Life Sciences Public Policy

March 6, 2018

European Union Vaccination Policy – What should the EU do?


Against a backdrop of major warnings of measles outbreaks across Europe from the World Health Organisation, vaccination policy across the EU has been brought starkly into the political spotlight.

Candidates for the 2018 Italian general election, scrambling to deliver a clear message on the matter, have taken differing stances. A new Italian law, known as the ‘Lorenzin Law’, introduced ten mandatory, free vaccinations for preschool and school children. The Democratic Party and Forza Italia political parties champion the ‘Lorenzin Law’ while the right-wing Northern League and the Five Star Movement call for immunizations to be left to parents’ discretion, regardless of WHO warnings on measles outbreaks.

France has followed in Italian legal footsteps and made 11 vaccinations mandatory from 1st January 2018. French Prime Minister Édouard Philippe stated it is unacceptable children are still dying of measles in a country which pioneered the earliest vaccinations. Indeed, south west France has been recently hit by a measles epidemic, with 269 confirmed cases and 66 hospital admissions from measles since November in the Nouvelle-Aquitaine region. Even more worrying, the region’s vaccination rate of 70-81% is well below the WHO’s recommended rate of 95% to deal with the epidemic.

Despite the fact that vaccination has helped totally eradicate some diseases such as smallpox and contain many others, many Europeans still mistrust them. Media controversies, political propaganda and the spread of fake news have fuelled such hesitance of vaccines. Even long-discredited research fraud linking the measles, mumps, and rubella ‘MMR’ vaccine to autism has helped fuel widespread vaccine scepticism. Consequently, low levels of public confidence in vaccines have posed an increasingly large barrier to immunisation rates and raised the risk of contagious diseases spreading across Europe.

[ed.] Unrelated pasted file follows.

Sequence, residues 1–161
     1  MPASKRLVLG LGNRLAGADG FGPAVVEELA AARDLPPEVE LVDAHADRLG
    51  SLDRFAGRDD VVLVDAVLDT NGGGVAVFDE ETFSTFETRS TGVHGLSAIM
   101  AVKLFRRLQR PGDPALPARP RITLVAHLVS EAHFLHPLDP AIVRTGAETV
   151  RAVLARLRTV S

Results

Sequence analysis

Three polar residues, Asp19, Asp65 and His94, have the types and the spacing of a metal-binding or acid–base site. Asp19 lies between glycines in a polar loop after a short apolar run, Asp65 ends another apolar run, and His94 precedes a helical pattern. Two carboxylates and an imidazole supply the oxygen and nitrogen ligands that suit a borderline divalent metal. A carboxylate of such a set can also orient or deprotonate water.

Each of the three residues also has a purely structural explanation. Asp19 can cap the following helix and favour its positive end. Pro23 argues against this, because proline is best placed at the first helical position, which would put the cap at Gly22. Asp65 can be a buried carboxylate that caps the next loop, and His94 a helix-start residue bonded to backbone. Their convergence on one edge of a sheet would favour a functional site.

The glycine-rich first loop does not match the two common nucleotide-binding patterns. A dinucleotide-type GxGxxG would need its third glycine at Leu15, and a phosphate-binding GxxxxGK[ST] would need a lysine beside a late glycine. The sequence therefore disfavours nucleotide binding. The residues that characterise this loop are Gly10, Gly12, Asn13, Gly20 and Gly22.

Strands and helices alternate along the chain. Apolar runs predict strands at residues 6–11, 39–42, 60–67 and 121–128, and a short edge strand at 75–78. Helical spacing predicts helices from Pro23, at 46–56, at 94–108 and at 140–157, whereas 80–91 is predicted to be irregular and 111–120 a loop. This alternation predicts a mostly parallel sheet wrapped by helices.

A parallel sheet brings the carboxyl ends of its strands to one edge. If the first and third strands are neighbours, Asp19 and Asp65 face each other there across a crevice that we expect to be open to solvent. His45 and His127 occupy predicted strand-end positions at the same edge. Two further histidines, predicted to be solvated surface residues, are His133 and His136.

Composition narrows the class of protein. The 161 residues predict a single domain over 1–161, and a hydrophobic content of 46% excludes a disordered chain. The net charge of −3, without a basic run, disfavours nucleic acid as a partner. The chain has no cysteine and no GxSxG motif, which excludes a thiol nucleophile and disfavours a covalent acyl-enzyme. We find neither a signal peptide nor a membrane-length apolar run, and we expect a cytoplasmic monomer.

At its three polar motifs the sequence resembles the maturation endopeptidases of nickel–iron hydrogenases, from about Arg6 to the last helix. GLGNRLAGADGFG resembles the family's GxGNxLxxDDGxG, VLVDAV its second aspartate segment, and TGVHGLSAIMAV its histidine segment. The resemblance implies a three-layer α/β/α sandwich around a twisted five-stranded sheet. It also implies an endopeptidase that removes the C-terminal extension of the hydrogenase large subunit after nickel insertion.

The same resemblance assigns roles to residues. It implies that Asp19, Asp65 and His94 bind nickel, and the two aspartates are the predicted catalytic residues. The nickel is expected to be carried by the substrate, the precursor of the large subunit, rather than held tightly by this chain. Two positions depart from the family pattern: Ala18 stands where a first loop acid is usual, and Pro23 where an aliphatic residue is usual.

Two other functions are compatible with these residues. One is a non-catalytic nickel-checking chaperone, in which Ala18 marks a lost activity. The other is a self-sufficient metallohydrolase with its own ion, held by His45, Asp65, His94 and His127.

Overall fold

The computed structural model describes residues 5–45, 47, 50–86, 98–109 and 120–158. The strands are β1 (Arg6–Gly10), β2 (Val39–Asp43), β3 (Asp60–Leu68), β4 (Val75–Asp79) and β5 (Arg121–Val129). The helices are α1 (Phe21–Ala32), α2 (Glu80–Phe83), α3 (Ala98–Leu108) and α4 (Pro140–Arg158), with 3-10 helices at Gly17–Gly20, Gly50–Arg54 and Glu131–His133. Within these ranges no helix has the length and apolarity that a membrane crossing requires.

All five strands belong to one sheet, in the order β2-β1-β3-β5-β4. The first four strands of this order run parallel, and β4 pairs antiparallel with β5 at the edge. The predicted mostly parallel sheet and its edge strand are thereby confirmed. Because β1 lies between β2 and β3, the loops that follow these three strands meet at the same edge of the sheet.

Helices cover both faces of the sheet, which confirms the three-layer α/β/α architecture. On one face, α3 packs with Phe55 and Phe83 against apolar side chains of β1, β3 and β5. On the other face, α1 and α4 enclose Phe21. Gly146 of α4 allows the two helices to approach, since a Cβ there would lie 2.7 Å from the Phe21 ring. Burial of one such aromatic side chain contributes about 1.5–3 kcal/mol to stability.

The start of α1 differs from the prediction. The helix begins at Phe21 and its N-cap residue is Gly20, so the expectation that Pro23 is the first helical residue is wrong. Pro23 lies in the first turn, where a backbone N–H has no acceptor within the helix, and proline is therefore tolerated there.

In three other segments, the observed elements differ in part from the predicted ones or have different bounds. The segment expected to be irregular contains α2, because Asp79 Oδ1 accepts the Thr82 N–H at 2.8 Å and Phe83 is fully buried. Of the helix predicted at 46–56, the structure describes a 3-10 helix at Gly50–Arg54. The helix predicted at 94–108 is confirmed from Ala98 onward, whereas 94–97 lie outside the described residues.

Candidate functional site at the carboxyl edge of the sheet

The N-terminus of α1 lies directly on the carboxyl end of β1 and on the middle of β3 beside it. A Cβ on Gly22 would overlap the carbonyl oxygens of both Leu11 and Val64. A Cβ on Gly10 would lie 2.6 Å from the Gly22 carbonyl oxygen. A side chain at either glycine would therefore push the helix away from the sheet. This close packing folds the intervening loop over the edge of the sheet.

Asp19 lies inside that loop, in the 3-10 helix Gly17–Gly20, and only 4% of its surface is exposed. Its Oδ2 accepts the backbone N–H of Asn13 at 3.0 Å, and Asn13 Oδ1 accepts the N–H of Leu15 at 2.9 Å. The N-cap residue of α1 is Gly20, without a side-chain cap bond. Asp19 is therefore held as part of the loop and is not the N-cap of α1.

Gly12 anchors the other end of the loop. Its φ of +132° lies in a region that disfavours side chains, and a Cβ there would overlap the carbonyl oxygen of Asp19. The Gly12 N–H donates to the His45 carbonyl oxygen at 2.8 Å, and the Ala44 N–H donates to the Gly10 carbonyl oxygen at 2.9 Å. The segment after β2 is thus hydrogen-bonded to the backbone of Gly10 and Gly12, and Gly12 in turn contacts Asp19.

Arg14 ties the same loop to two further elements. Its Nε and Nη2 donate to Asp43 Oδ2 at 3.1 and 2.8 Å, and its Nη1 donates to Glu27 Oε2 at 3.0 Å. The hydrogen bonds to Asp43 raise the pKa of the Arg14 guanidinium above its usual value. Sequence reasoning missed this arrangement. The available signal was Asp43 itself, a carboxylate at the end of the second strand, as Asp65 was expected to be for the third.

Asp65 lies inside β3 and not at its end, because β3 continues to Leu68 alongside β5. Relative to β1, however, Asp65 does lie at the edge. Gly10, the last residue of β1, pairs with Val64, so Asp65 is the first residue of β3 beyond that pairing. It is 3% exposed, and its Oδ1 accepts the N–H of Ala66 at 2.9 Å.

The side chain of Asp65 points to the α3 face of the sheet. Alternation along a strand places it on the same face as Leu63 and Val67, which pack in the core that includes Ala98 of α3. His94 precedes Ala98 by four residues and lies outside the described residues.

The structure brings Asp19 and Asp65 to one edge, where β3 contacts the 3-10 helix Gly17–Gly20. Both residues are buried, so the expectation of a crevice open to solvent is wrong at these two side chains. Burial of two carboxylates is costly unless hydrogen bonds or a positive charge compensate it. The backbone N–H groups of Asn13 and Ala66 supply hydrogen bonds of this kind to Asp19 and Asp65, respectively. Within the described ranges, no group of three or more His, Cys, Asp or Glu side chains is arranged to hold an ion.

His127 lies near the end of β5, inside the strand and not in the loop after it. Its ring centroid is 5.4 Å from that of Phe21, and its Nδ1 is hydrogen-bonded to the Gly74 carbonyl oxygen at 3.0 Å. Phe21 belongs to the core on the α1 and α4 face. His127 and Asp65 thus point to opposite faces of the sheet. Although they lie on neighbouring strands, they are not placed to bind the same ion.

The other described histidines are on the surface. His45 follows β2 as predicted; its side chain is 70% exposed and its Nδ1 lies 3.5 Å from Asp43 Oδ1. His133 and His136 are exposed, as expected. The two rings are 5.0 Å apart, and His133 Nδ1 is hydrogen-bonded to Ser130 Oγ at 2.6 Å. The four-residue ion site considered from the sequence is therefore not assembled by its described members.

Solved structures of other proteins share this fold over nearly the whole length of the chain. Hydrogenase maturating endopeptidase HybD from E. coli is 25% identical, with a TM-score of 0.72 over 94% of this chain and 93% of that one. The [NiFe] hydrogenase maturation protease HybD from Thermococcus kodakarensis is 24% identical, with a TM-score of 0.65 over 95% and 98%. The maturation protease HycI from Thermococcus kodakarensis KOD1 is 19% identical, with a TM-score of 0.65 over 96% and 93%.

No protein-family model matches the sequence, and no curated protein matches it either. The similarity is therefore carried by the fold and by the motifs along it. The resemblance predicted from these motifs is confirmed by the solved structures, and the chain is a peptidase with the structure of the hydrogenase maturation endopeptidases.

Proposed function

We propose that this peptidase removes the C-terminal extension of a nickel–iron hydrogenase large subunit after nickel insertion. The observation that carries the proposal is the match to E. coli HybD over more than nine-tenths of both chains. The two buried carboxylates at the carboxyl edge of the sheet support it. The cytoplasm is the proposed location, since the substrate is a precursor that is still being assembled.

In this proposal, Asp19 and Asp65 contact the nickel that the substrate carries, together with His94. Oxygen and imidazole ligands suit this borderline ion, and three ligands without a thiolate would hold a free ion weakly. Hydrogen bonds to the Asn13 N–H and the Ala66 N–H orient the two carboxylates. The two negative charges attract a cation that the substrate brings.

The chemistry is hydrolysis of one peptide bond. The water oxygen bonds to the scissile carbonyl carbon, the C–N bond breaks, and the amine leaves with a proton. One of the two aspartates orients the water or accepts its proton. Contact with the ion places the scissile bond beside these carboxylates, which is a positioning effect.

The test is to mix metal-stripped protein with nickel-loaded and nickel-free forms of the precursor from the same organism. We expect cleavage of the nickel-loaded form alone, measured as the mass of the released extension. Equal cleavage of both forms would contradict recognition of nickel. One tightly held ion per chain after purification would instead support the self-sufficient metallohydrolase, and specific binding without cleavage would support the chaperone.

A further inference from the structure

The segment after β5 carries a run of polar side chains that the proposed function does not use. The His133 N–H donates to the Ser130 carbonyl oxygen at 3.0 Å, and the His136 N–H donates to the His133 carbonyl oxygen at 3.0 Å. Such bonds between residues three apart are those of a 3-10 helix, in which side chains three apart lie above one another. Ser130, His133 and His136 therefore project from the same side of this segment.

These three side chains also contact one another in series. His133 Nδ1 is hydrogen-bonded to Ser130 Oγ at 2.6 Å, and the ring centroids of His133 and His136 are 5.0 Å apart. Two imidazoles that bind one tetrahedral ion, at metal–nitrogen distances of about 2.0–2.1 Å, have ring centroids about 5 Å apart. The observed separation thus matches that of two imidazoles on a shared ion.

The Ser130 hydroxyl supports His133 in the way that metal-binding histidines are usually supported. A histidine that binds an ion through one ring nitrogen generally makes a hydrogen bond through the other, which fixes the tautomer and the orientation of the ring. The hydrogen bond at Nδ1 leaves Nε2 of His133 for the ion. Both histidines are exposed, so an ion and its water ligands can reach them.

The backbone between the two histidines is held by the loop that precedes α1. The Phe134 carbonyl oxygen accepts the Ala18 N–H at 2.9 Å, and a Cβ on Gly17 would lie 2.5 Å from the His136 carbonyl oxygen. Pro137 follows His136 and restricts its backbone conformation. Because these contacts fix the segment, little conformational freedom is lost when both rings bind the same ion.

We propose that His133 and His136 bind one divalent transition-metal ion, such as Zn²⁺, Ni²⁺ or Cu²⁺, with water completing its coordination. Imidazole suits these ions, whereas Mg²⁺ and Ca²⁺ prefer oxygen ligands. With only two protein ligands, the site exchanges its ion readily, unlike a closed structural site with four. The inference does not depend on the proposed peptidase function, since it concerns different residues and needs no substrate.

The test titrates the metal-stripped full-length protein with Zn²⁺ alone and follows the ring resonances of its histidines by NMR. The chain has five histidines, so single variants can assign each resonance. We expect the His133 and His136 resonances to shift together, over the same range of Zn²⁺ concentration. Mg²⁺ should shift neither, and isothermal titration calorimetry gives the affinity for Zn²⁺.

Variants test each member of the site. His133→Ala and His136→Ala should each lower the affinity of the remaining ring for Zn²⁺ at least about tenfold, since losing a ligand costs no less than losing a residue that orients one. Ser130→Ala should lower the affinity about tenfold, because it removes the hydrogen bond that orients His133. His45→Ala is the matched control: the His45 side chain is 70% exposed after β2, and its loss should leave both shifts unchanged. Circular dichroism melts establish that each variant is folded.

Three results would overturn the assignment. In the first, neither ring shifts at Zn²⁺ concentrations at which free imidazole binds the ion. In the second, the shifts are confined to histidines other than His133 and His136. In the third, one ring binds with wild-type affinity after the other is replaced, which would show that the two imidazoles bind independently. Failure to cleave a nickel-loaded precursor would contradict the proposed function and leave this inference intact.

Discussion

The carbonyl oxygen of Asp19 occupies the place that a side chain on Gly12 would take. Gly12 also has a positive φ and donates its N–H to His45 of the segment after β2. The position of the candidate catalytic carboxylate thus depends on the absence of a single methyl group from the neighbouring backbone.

Does the EU want to play a role in this issue?

The European Commission is currently exploring ways for Member States to work together on immunizations. European vaccination policy relies heavily upon national authorities, but Brussels does have power to shape cross-border practices. President Jean-Claude Juncker underlined the importance attributed to the issue in his State of the EU address, in which vaccination was the only aspect of health policy mentioned. According to Juncker’s White Paper, vaccines hold a significant position in EU political debate and policies, and a proposal for a Council Recommendation on national vaccination policies is expected in the coming months.

Juncker echoed Édouard Philippe when commenting on measles epidemics in Italy and Romania: “It is unacceptable that in 2017 there are still children dying of diseases that should long have been eradicated in Europe … This is why we are working with all Member States to support national vaccination efforts.”

What can the EU do to tackle vaccine hesitance across Europe?

Epidemics are by definition cross-border threats and no single country can cope with them alone. Within the European Union, vaccination policy differs, and decreasing immunization coverage in one country represents a shared threat to other European countries – in 2017, measles cases across Europe increased 4-fold on 2016 levels.

The Article 168 of the Treaty on the Functioning of the European Union (TFEU) notes that EU action is in place to complement Member States’ policies. For vaccination, this extends to coordinated policies for monitoring, warnings, and combating serious cross-border threats to health. Additionally, centrally organised vaccination schedules, aligned across EU states, could help restore trust and confidence in immunisation programs.

Furthermore, effective messaging from the EU can tackle vaccine reluctance, especially through increased digitalization and information sharing. For example, responsive communications from EU sources could help counter anti-vaccination myths and misinformation messages on social media and other channels.

While some Member States policies are falling short, there are several areas where the EU can and should act:

  • The EU could strengthen monitoring to better assess the benefits of vaccines (as well as potential risks) and infectious disease patterns. An effective EU data collection system, which could be coordinated by the European Centre for Disease Prevention and Control, would also provide much-needed support to national immunisation strategies.
  • Second, the European Commission should investigate the causes of vaccine hesitance and put in place policy programs to increase awareness by enhancing fact-based information about vaccination.

Many stakeholders look forward to the Council Recommendation, but there is still much work to be done. For many companies and organisations, the Recommendation offers an opportunity to prepare policy solutions to the EU’s drive to coordinate national policies to build an effective European Union vaccination policy.